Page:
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Winter in hard-scrabble upstate New York. Irene is working class, a mother of two boys, and a user of cocaine. She gets into trouble and checks into a rehab program where she meets Bob, a nurse. After she goes home to her husband and returns to her job as a grocery checker, she stays in touch with Bob and the intimations of an affair begin. By now, she's changed jobs, cleaning houses with her friend Lucy. The temptations of drugs are close at hand. Can she handle sobriety? What about Bob? Written by
Farmiga Soars in a Low-Budget Study of an Emotional Desolate, Cocaine-Addicted Wife and Mother
Having been intrigued by Vera Farmiga's idiosyncratic turn as a confused police psychologist in Martin Scorsese's viscerally impressive "The Departed", I was curious to see her in this critically acclaimed low-budget 2005 indie. As it turns out, she gives a startling, soul-bearing performance as Irene, a working class wife and mother with a cocaine dependency problem. The primary difference between this film and more conventionally moralizing addiction movies is how her drug-taking habit has so casually permeated her life.
Written (with Richard Lieske) and directed by first-timer Debra Granik, the film provides a documentary-like feel for Irene's downtrodden existence in New York's blue-collar-dominated Ulster County as a supermarket cashier, who has been likely a stoner for most of her adult life. Cut off by her drug dealer for falling behind on her payments, she pilfers one of her children's birthday checks and realizes the depths she has plumbed. Checking herself into rehab, Irene looks like she is on the road to recovery, but she is hamstrung by an affair that starts with Bob, a male nurse recovered from his own addiction. Compounded by her firing from the market and a husband who continues to enable her, she finds herself in a vicious circle of entangled dependency and dwindling hope.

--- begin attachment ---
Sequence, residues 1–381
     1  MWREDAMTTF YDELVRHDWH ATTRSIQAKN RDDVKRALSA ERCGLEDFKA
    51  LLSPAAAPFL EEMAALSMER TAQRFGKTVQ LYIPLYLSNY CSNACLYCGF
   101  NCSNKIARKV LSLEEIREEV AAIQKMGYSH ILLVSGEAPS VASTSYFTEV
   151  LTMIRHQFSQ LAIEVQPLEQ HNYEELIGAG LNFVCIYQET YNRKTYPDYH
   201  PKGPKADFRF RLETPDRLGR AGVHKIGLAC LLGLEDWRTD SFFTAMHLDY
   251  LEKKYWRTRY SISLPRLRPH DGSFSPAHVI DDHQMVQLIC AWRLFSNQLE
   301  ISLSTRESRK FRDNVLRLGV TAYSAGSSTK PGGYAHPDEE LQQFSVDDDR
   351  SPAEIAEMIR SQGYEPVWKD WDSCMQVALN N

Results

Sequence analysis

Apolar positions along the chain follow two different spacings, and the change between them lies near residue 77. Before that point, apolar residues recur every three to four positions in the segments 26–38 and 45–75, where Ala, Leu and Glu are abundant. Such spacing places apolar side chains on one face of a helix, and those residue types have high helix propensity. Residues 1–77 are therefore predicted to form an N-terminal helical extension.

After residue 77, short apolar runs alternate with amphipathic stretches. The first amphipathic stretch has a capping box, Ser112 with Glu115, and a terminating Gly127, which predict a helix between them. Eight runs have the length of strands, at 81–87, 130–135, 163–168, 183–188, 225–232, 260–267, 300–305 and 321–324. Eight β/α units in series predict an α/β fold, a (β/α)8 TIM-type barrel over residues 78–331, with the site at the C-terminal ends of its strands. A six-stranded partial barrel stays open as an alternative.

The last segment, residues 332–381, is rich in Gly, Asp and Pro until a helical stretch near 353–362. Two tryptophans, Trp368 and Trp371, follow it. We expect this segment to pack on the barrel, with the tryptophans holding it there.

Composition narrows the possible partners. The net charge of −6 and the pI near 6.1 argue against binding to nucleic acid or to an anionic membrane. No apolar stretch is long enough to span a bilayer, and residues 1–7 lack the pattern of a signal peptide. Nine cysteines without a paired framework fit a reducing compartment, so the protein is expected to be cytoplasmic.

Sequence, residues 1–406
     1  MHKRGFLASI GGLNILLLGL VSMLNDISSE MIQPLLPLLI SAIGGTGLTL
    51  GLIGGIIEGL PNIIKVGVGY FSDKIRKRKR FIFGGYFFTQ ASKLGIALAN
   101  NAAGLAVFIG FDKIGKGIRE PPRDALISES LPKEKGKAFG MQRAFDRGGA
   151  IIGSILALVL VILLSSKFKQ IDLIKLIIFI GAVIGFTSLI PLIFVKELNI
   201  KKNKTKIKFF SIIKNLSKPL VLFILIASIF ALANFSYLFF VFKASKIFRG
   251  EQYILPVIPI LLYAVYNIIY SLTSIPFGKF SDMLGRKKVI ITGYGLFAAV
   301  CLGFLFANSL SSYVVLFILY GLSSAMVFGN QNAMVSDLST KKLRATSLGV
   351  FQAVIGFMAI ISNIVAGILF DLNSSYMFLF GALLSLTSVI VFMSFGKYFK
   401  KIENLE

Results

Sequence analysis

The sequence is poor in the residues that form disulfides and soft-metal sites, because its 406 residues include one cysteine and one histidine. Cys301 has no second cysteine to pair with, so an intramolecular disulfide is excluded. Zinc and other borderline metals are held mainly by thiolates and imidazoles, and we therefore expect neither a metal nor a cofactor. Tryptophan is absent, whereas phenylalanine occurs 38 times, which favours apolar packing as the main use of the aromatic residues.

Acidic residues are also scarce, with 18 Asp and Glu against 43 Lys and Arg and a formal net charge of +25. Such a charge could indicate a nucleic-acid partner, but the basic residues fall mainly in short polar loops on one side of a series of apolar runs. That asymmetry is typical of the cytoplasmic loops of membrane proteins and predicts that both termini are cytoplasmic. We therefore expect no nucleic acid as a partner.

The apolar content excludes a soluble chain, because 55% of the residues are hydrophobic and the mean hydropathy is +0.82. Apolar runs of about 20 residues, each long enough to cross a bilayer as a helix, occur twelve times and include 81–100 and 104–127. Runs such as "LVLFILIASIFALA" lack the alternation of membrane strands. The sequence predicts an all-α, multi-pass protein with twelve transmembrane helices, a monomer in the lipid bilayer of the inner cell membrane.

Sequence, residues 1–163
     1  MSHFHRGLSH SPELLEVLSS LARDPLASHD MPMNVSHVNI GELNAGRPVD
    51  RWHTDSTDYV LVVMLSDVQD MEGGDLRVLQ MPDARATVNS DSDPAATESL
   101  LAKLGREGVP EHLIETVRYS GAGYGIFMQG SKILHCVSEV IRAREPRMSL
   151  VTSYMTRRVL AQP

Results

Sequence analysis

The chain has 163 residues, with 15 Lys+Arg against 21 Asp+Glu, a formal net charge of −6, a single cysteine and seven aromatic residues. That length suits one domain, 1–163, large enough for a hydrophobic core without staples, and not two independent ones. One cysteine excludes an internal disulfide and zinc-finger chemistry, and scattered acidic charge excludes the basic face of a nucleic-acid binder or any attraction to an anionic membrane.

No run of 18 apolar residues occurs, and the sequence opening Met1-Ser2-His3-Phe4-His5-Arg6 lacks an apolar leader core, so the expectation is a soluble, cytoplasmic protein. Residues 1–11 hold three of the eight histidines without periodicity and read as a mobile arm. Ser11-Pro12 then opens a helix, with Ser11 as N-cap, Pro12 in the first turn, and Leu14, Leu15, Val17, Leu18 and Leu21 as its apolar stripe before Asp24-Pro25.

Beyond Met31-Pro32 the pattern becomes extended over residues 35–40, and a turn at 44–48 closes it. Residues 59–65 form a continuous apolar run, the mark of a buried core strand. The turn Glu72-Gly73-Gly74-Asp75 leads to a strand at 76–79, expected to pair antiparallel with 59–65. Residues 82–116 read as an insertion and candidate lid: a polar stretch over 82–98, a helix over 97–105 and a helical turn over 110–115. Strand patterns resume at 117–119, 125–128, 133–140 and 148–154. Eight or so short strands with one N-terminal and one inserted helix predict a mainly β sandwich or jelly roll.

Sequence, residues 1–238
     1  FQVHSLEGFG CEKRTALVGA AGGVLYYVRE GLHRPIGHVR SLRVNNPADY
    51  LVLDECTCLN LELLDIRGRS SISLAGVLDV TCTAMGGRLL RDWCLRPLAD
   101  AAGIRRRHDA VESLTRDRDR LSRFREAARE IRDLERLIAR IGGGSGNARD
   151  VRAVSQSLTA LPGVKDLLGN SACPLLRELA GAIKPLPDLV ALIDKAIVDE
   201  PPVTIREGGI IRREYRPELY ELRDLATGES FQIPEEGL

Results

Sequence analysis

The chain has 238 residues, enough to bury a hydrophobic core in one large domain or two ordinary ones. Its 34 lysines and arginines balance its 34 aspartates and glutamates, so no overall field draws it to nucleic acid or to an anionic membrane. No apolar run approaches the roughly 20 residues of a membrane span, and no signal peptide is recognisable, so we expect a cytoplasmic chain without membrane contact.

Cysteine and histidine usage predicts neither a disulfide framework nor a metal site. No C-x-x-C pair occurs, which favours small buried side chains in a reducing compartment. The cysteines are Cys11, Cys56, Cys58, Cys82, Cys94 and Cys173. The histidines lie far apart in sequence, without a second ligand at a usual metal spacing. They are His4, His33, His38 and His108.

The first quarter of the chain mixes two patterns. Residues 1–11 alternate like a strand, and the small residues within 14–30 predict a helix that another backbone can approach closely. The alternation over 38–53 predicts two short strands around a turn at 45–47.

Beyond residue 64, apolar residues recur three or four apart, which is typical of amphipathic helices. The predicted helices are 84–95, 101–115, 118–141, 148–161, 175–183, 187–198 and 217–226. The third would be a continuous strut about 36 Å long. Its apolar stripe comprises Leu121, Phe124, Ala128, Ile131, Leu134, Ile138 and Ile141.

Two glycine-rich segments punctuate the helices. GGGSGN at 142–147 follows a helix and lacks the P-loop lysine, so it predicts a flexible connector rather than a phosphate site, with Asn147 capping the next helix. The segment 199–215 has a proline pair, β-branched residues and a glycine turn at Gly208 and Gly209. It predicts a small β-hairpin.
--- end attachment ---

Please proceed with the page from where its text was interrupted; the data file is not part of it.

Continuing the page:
The movie gets choppy and unnecessarily elliptical at times, although it is not as desultory as one would expect from the set-up. Don't expect any bravura set pieces for Farmiga, who is in almost every scene. It is the utter sense of emotional desolation she conveys in the small moments that resonates. Even when she shows how much she cares for her two sons or has moments of hope about a brighter future, there is a lingering melancholy that haunts all her scenes. Though clearly overshadowed, Hugh Dillon is quite good as Bob, as is Clint Jordan as husband Steve. I was surprised to find out from the informative commentary track by Granik and Farmiga that many of the supporting players were local non-actors. The 2006 DVD also includes the primitive but still impressive 1997 twenty-minute short, "Snake Feed", upon which the film is based.
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